“One thing I love about both machines is that they can be used for gentle recovery workouts as well as high-intensity, interval-style training. On either machine, it’s really as hard or as easy as you make it,” she says.


Both machines are also very beginner-friendly. Once you get the proper technique down, you can execute effective workouts—no previous experience required. 

Total-Body Workout

If one thing is for certain, both types of equipment will work multiple muscles in your body and get your heart rate up. Although the movement pattern is different, a workout session on either machine will provide all of the benefits of cardiovascular exercise. 

Rowing Machine vs. Elliptical: Key Differences 

While you’ll get the same overall result—better cardiovascular health and improved endurance—with either type of cardio equipment, there are some key differences between the two cardio machines. 

using rower looking at monitor

Muscles Worked

“For one, ellipticals are upright, meaning the exerciser is in a standing position, whereas rowing is a seated exercise,” says Amanda. And while both also target major muscle groups, rowing primarily engages the upper back muscles, hamstrings, and glutes; elliptical training primarily engages the quads, deltoids, and calves. 

The two types of exercise equipment take you through a very different range of motion. On a rowing machine, you glide through a bilateral, horizontal movement pattern in the sagittal plane. Think of it this way: Your upper body is performing something similar to a barbell row and your lower body is performing something similar to a squat. 

On an elliptical machine, on the other hand, you’ll be in a more upright position, but again moving in the sagittal plane. Your upper body will move as if you’re using a punching bag, and your lower body will move as if you’re taking large strides on a walk or jog. 

Space Considerations

Another difference is in the size. Both machines take up a decent amount of floor space when fully expanded, but many rowing machines are foldable, whereas ellipticals generally are not. Ellipticals also take up a lot more vertical space, so you’ll have to make sure you have enough overhead clearance if you’re planning to use one at home.


There’s a difference in price between a rowing machine and an elliptical, too. While you can get entry-level machines for $500 to $800, expect to shell out around $1,000 (for a rower) to $3,000 (for an elliptical) if you want a commercial-grade unit.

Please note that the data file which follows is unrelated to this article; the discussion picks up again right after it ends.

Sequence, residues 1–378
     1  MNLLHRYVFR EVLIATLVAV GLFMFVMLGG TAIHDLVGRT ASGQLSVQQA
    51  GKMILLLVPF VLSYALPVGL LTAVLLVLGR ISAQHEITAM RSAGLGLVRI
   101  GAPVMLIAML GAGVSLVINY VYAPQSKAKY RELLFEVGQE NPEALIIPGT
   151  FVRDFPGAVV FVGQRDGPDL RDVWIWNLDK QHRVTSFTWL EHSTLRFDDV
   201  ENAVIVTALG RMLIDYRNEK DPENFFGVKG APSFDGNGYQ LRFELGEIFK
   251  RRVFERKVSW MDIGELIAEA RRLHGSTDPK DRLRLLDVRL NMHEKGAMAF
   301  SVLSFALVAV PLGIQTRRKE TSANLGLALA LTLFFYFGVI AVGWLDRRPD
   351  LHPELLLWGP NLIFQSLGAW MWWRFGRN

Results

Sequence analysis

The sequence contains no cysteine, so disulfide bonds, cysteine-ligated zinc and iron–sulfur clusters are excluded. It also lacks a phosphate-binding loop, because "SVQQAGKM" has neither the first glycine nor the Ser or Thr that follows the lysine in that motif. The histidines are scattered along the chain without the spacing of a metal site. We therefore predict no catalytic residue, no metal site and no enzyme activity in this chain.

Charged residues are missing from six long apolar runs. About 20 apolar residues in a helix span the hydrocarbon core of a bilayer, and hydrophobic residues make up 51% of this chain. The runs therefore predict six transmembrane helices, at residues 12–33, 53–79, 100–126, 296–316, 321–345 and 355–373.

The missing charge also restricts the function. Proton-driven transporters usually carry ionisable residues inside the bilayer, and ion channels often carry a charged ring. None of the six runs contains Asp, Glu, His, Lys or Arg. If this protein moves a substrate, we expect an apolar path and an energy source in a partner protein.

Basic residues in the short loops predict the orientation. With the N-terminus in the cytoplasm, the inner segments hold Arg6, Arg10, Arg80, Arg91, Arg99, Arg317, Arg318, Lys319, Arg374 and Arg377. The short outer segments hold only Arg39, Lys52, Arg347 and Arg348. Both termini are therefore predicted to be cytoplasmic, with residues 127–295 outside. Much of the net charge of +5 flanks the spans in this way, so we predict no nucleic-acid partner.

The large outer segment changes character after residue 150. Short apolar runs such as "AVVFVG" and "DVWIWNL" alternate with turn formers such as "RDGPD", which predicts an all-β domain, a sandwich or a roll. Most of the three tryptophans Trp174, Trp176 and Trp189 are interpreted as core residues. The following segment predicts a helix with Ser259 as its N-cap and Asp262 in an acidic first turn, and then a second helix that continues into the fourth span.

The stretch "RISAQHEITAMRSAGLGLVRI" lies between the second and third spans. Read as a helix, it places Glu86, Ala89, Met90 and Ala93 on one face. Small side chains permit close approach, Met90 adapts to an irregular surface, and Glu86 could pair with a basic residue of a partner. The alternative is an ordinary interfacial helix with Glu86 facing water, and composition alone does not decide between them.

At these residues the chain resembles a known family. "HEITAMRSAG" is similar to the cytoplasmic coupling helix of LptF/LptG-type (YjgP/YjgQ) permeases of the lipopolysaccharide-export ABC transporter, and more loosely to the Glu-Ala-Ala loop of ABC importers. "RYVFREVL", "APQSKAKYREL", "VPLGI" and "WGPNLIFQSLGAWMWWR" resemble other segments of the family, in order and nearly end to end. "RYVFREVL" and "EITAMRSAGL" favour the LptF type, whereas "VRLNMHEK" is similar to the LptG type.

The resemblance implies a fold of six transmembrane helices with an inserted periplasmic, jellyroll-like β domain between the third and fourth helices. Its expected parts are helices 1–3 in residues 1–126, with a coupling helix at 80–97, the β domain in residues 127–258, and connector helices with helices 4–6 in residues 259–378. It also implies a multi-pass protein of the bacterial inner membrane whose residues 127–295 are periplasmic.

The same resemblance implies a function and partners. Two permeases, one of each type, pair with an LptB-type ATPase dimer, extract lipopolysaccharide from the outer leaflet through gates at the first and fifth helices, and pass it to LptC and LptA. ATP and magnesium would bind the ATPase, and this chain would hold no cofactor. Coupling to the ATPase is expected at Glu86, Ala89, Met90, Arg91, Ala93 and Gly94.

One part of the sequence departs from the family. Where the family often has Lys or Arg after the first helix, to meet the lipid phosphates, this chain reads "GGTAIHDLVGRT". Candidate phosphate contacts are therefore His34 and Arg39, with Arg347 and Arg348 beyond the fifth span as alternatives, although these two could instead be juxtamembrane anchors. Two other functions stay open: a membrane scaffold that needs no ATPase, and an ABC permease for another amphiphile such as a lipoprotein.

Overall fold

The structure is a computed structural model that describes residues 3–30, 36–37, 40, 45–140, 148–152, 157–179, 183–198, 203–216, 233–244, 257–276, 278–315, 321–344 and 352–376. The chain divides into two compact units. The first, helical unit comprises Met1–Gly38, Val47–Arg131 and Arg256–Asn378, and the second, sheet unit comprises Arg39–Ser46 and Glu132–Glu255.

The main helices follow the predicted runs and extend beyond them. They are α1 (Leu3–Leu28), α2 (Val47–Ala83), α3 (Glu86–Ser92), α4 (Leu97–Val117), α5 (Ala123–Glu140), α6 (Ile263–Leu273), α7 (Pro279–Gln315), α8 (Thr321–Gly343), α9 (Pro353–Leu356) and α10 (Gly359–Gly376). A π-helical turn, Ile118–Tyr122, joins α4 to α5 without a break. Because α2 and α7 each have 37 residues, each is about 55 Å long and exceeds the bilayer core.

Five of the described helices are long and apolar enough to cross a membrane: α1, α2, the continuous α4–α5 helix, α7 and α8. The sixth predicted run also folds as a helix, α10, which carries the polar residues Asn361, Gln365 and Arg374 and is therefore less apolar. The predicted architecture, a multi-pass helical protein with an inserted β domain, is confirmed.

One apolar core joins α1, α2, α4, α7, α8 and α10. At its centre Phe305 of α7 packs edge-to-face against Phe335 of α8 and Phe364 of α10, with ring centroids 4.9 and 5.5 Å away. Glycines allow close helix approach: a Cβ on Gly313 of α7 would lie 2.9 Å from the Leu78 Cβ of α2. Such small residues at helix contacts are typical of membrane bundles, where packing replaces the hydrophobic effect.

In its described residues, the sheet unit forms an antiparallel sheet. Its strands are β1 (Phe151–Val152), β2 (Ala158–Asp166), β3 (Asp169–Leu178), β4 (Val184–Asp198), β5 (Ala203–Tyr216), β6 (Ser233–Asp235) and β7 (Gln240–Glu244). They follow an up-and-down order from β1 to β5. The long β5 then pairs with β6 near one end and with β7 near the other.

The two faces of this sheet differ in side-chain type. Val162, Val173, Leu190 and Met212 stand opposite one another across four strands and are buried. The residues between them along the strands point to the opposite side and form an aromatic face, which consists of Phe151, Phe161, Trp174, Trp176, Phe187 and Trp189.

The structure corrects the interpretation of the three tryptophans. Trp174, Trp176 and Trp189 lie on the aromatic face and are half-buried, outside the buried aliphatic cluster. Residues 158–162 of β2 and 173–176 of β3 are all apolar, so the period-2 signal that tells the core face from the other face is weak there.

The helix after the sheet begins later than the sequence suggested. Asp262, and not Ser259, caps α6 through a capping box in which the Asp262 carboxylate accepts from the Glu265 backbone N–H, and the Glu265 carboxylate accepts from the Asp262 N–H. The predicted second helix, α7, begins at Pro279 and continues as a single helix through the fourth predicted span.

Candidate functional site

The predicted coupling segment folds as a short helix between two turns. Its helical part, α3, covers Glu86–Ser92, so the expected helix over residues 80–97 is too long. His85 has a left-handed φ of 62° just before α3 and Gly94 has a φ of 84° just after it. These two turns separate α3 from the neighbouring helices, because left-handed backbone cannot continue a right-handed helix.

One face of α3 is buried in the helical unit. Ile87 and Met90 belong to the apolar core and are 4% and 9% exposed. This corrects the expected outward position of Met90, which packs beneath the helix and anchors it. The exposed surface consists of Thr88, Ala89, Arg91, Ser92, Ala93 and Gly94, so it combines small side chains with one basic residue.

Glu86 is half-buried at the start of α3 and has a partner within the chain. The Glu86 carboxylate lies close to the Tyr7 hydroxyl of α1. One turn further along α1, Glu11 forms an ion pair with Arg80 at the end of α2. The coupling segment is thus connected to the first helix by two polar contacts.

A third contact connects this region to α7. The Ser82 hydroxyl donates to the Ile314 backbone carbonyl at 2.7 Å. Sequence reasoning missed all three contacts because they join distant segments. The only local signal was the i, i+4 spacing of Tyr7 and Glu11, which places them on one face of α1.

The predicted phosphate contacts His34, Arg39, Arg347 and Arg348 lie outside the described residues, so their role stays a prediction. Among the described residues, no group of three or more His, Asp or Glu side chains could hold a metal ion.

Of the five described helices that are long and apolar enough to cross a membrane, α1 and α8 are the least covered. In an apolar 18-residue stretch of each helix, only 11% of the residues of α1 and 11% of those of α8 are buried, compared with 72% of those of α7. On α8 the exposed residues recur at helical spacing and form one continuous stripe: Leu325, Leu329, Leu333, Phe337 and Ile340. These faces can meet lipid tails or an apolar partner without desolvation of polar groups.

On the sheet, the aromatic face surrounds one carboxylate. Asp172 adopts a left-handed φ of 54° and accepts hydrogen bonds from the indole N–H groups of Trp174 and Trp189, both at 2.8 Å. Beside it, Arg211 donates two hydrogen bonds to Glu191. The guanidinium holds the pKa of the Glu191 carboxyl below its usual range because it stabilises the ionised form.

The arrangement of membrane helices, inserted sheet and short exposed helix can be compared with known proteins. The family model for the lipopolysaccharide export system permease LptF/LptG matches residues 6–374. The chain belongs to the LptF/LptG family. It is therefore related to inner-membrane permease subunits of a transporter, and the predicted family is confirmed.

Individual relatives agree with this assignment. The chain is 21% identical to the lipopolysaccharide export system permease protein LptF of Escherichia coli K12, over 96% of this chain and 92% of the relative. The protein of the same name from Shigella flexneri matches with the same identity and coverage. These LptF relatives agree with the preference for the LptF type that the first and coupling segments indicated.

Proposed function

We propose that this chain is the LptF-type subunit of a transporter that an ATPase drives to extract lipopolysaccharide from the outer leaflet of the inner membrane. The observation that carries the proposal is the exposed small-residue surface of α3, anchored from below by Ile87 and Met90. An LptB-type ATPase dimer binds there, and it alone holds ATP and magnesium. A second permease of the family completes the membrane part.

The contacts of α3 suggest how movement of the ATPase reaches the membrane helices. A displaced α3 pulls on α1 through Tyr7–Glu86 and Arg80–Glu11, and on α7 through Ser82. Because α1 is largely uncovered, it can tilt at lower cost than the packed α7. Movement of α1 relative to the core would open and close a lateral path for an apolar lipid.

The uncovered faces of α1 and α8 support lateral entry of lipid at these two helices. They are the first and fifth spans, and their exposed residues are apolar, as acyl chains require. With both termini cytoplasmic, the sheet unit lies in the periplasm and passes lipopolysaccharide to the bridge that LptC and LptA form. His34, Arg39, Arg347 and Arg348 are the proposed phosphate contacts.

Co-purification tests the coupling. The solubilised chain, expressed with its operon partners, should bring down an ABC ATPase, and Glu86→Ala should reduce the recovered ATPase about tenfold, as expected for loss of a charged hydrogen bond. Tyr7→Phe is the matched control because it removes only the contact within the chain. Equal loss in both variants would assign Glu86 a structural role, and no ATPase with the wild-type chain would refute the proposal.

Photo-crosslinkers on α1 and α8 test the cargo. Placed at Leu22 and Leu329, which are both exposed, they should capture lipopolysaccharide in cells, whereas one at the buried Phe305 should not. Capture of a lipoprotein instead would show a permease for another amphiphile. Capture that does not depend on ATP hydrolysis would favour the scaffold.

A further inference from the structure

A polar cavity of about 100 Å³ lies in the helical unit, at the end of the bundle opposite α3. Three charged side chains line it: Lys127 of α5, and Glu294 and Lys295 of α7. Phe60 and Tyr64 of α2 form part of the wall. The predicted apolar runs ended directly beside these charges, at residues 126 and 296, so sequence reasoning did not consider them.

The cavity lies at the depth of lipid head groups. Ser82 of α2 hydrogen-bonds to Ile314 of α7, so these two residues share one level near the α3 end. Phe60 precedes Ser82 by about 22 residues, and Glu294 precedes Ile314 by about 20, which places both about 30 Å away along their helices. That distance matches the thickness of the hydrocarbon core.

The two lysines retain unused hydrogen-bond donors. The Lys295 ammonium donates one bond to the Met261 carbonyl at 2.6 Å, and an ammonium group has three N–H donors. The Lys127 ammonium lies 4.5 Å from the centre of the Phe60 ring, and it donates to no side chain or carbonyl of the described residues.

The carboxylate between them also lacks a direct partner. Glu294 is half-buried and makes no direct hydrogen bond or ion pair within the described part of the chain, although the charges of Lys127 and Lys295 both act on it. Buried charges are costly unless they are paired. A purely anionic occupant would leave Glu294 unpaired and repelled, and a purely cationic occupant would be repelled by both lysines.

For reference, our top pick for the best rowing machine, the Concept2 Model D Rower, retails for $1,100 on Amazon. Our best elliptical machine pick, the NordicTrack AirGlide 14i, retails for about $1,800.

Rowing Machine vs. Elliptical: Final Verdict 

If you’re looking for an effective, low-impact cardio workout, both a rowing machine and an elliptical can deliver. Both machines are also beginner-friendly, and suitable for everything from recovery workouts to HIIT-style training. One thing to note: You’ll need more space if you want to add an elliptical to your home gym.


Here we answer some commonly asked questions about ellipticals vs. rowing machines:

Which burns more calories: a rowing machine or an elliptical?

Calorie burn depends on a lot of things, like your body size, body composition, fitness level, and level of effort you’re putting into exercising. Because of this, it’s tough to objectively say whether a rowing machine or an elliptical burns more calories, according to Amanda. 
But, based on information from the Compendium of Physical Activities, if a person spent 30 minutes rowing or 30 minutes doing elliptical training at a moderate intensity, they’d burn a very similar number of calories.
“The important thing here (and always) is consistency,” she says. “If your goal is to burn more calories over time (versus in a single workout, which is negligible anyway), you should choose the type of exercise you enjoy more.”

Is a rowing machine or an elliptical better for bad knees?

If you have bad knees, you should definitely check in with your doctor before training on any type of machine. That said, Amanda says that in her experience as a personal trainer, more people with achy knees prefer ellipticals to rowers. 

“While rowing is certainly a low-impact form of exercise, elliptical training doesn’t require quite as much flexion in the knee joint,” she says, adding that “Flexion past the point of 100 degrees can be painful for people with arthritis, and to row with good and safe technique, you’ll have to surpass that angle of flexion.”

Is a rowing machine or an elliptical better for weight loss?

Both machines can facilitate successful, long-term weight loss; the key is consistency, according to Amanda. “I can’t overstate the importance of choosing the machine that is more appealing to you and makes you want to actually exercise,” she says.

Is an elliptical machine or rower better for back pain?

Most people with back pain will likely find an elliptical to be the better choice, Amanda says. She explains that since an elliptical requires an upright position as opposed to a seated position, there isn’t as much pressure on the lower back during exercise.